Maroon memories: Rampant Johnston runs Rangers ragged

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Rangers 0-3 Hearts

January 20, 1996

Hearts starlet Allan Johnston showed why French club Rennes snapped him up under the Bosman ruling as he ran riot in Govan, scoring a marvellous hat-trick and securing Hearts their first win at Ibrox since 1988.

In a game that made the senses throb, Hearts speared Rangers, whose vacuous defending must have worried Walter Smith.

Rangers were traumatised. They sorely missed Paul Gascoigne, forbidden from playing through suspension, who would have given them some threat, and certainly some trickery, in midfield. Rangers were impotent in that area of the field, where Ian Durrant toiled and Ian Ferguson simply lacked originality, so that Hearts had ample opportunity to seize possession and run at them. Hearts tore through Rangers with uncanny ease. By contrast, the meticulously mapped-out defending of the visitors frustrated Rangers at every turn. Time after time, Hearts stepped out in a line, even with their deeper-lying sweeper, to snare Rangers in offside positions and provoke their supporters to livid rage. Dave McPherson had a towering game for his team, making thrusting interventions and drawing the sting from Brian Laudrup’s crosses.

Englishman Neil Pointon found the vision and precision to inflict the damage as he became the architect for Johnston. If Johnston’s finishing was the sheen to this match, it was Pointon’s willingness to roam forward and plant balls in his path that did for Rangers.

Andy Goram, a man quite unfamiliar with the task of rummaging around in the rigging to retrieve balls, suddenly found himself experiencing backache doing it. His entire Rangers defence were being sliced like mangos, as Hearts inflicted pure, impish mischief. Their first goal came with a trifling six minutes on the clock. Little John Colquhoun almost indulged in some tap-dancing down the left to leave Gordan Petric quite dazed. From the bye-line, Colquhoun cut the ball back towards Goram’s near post, where Johnston arrived carrying fretting defenders all about him. A stab of a left foot and the ball was nestling in the net. Goram and his cohorts were left looking askance at one another.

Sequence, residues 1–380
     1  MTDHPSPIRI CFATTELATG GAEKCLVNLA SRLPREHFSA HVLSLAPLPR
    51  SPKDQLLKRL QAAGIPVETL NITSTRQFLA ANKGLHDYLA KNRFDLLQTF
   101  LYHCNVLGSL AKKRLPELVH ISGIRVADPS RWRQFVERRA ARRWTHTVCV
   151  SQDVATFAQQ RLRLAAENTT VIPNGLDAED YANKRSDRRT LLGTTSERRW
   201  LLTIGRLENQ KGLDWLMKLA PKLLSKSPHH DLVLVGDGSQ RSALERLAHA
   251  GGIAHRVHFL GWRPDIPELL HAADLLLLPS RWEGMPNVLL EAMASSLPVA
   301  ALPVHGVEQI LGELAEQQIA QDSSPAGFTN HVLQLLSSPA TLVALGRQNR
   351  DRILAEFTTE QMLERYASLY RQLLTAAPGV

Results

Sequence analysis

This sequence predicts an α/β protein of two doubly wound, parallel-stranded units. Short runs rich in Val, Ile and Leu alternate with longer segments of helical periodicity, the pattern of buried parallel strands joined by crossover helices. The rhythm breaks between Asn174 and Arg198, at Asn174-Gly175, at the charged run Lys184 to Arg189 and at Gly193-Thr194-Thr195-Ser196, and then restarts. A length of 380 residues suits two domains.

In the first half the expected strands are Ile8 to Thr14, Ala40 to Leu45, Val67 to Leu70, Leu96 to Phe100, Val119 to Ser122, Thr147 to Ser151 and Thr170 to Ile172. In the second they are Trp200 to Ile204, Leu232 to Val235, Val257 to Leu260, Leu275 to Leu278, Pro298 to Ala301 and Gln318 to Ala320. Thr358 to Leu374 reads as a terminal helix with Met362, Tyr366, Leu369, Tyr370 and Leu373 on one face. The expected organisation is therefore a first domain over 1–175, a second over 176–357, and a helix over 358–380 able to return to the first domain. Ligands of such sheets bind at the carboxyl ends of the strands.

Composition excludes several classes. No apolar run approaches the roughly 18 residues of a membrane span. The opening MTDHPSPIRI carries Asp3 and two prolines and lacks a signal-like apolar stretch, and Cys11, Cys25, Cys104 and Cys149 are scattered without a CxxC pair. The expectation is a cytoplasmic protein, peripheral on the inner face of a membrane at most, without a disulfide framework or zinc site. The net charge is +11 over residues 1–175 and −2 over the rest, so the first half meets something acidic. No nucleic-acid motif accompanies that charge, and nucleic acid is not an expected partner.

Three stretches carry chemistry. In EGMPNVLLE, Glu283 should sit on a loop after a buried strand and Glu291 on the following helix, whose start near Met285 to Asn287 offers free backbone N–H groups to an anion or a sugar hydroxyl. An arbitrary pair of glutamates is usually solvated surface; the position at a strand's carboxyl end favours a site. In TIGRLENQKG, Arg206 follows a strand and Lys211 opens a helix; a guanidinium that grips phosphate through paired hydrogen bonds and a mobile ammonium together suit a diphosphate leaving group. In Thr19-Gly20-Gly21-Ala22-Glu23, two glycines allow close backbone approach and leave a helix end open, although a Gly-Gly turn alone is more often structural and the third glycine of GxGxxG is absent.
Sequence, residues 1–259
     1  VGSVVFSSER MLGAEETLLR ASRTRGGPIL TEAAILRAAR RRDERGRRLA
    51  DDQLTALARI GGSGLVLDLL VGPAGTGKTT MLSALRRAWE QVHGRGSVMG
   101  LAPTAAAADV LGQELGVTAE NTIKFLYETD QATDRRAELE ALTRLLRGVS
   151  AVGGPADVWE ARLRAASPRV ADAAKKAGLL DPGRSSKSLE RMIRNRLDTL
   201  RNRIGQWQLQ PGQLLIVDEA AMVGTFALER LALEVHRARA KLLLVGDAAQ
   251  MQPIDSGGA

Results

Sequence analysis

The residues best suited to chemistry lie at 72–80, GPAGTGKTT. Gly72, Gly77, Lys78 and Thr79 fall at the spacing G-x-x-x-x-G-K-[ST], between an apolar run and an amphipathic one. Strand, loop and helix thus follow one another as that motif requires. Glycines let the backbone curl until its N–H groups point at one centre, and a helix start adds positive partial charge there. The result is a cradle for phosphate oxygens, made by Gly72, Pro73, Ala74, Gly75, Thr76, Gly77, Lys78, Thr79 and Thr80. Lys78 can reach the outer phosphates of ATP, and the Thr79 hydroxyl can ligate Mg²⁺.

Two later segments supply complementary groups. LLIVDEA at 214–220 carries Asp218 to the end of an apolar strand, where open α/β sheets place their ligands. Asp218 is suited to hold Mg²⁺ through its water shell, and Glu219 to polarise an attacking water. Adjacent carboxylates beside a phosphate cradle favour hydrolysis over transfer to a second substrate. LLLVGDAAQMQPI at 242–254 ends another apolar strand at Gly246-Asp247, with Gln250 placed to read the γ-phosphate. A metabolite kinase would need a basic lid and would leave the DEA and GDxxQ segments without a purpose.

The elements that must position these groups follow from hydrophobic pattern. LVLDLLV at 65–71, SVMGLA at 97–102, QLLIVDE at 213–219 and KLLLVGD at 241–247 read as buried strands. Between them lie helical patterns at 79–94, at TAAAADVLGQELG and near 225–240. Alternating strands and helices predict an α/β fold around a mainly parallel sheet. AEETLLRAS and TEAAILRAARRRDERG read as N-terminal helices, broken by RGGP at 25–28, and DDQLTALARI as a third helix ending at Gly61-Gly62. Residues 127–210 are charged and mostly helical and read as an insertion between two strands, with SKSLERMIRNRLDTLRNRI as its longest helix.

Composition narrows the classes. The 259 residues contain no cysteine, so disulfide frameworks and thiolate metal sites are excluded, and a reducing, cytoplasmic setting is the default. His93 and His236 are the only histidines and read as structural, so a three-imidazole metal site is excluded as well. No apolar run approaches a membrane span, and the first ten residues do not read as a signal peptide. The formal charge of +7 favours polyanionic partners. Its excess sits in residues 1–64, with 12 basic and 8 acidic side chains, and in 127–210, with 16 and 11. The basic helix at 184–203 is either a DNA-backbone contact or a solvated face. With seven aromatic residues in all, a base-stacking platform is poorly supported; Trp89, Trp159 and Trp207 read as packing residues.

At one point in the first half, Steve Fulton’s perceptive lob gave Allan Lawrence an angle from which to hare down on Goram. On and on Lawrence scampered, McLaren stumbling and falling in his wake, until he was eyeball-to-eyeball with the goalkeeper and ready to let rip his shot. Despite the scoreline, Goram was heroic for Rangers, batting away the ball as he was to do on other occasions.

In the 60th minute, Pointon’s pass again found Lawrence, who tore through the middle to greet Goram’s advance from goal. The goalkeeper palmed the shot away, and Colquhoun, whose lungs must have been simmering having begun the whole move, came gambolling through on the right to hammer the rebound wide.

Sixty seconds later, Hearts were two up. Pointon lofted yet another pass over Rangers’ heads and into Johnston’s roaming path. The young striker stole through on Goram, flicked his right boot, and the ball evaded the keeper and sailed inside his post.

Seven minutes from time, Pointon again delivered a pass. Johnston, clean through, this time dribbled past Goram and scored.

While Rangers would gain a measure of revenge in that season’s Scottish Cup final by winning 5-1, this Hearts performance went a long way to securing fourth place in the league and a spot in the UEFA Cup.